Biotechnology entrepreneur and former billionaire Elizabeth Holmes on Tuesday denied intentionally misleading her company’s investors and said she “naively” believed her blood testing startup’s technology actually worked.
Founded by Ms Holmes in 2003, her company Theranos claimed that their technology could run diagnostic tests faster and more accurately than traditional lab testing with only a drop of blood from a finger prick.
The promises eventually unraveled in 2015 after a series of explosive articles in The Wall Street Journal exposing the problem with the technology. An audit by federal regulators brought to the fore serious and potentially dangerous flaws in the company’s blood tests, wiping out Ms Holmes’ fortune as the company collapsed in 2018.
Theranos had raised more than $940m with investments from powerful figures like media tycoon Rupert Murdoch, Oracle founder Larry Ellison and the family of former Trump administration education secretary Betsy DeVos.
The trial of Ms Holmes is being closely watched as a de facto referendum on Silicon Valley and its frequent culture of bending the truth to build hype and secure funding for prototype products.
Charged with two counts of conspiracy to commit wire fraud and nine counts of wire fraud, Ms Holmes, 37, has pleaded not guilty. She claimed in her third day of testimony, that she never stopped believing that Theranos would revolutionise health care with its technology and was also supposed to be able to detect a wide range of diseases from those few drops of blood.
This, even when the technology was confronted with adversity, as she showed the jurors encouraging emails from scientists discussing the potential for a small machine to run any kind of test and progress on developing it.
"It is never smooth," Ms Holmes said, as she took the stand. "There’s always challenges."
The prosecution had earlier argued that Ms Holmes knowingly misled investors and customers about the capabilities of her "Edison" device, a PC-sized box that could supposedly perform cheap blood tests at pharmacies or supermarkets without a typical needle. "Out of time and out of money, Elizabeth Holmes decided to lie,” lead prosecutor Robert Leach had said.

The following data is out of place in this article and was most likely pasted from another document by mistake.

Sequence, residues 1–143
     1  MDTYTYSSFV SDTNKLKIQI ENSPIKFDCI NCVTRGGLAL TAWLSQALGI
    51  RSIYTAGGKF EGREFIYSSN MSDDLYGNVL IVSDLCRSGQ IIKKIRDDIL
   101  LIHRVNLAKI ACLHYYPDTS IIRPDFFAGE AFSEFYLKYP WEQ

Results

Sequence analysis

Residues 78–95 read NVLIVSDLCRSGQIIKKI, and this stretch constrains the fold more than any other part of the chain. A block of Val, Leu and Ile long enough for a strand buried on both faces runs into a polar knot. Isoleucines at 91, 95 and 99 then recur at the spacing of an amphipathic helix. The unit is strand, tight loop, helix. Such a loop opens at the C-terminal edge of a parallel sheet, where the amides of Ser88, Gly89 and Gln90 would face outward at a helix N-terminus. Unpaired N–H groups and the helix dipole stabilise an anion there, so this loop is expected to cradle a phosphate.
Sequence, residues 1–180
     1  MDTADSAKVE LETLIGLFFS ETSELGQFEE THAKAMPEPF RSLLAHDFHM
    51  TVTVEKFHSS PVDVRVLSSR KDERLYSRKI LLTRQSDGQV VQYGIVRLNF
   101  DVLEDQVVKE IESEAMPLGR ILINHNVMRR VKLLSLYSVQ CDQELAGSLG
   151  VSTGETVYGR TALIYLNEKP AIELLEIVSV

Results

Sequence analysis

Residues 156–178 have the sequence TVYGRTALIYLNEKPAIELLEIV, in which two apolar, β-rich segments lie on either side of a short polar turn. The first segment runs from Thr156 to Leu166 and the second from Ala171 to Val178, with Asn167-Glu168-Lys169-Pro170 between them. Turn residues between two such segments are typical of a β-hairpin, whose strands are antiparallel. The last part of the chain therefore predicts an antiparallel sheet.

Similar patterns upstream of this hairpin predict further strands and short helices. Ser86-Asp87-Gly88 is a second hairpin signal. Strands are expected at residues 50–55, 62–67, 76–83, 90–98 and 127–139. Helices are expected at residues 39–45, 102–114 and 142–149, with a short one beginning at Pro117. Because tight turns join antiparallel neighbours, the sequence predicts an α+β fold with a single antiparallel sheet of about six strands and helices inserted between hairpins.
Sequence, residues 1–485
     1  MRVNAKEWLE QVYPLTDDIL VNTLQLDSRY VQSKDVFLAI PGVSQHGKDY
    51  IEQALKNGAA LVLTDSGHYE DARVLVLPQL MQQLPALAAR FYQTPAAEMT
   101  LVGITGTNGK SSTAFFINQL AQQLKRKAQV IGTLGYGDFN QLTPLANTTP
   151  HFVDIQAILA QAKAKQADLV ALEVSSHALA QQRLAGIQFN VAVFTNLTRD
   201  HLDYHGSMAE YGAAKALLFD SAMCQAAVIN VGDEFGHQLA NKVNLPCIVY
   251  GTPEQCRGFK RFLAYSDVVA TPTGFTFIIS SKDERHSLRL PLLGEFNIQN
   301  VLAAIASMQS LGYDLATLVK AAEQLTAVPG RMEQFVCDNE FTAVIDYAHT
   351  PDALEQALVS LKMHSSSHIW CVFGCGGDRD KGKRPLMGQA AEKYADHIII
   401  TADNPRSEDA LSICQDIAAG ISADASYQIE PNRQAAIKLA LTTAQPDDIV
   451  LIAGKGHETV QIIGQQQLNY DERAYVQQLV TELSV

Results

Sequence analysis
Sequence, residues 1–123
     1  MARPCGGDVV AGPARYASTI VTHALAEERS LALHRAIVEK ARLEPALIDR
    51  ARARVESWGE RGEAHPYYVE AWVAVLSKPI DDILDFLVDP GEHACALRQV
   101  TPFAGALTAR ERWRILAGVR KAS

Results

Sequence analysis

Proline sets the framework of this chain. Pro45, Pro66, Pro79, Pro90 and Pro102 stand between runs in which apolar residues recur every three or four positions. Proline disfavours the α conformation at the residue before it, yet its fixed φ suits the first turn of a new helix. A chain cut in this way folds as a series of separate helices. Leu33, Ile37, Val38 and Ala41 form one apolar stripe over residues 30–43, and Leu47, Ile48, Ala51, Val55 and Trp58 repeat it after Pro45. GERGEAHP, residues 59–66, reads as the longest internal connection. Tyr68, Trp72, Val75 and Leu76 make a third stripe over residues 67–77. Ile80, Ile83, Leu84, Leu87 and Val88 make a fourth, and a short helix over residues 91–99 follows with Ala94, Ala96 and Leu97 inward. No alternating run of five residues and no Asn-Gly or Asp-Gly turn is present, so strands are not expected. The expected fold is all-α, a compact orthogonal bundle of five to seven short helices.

Her lawyers, however, claimed earlier that Ms Holmes "naively underestimated" the challenges for her business, painting a picture of a driven young woman fighting for her vision in a culture that encourages founders to be bold.
"In the end, Theranos failed, and Ms Holmes walked away with nothing,” said her lawyer Lance Wade in his opening argument. “But failure is not a crime. Trying your hardest and coming up short is not a crime."
Ms Holmes, however, admitted on Tuesday that she added the logos of drug companies to Theranos’ reports just before sending them to pharmacy operator Walgreens, which was discussing a partnership with Theranos in 2010, to convey the drugmakers’ involvement in the promising studies using the company’s technology.
The admission came after drug makers Pfizer and Schering-Plough told the court that they had neither written nor approved of the reports.
"I’ve heard that testimony in this case and I wish I had done it differently," she said.
She, however, testified that she did not conceal the addition from Pfizer, showing jurors an email where the report with the logo was sent to individuals at Pfizer in 2014.
The jurors also heard Ms Holmes setting aside the prosecutors claim that she was secretly doing most of its blood tests using commercially available “big, clunky third-party machines" like that of Siemens, and not its own.
Ms Holmes said that she did not tell investors, partners and her board member that the company was doing most of the tests on Siemens as the company had modification to those machines and feared that their trade secret might get stolen.
"The big medical device companies like Siemens could easily reproduce what we had done," she said.
Ms Holmes is scheduled to return to the stand on Monday.
Additional reporting from the wires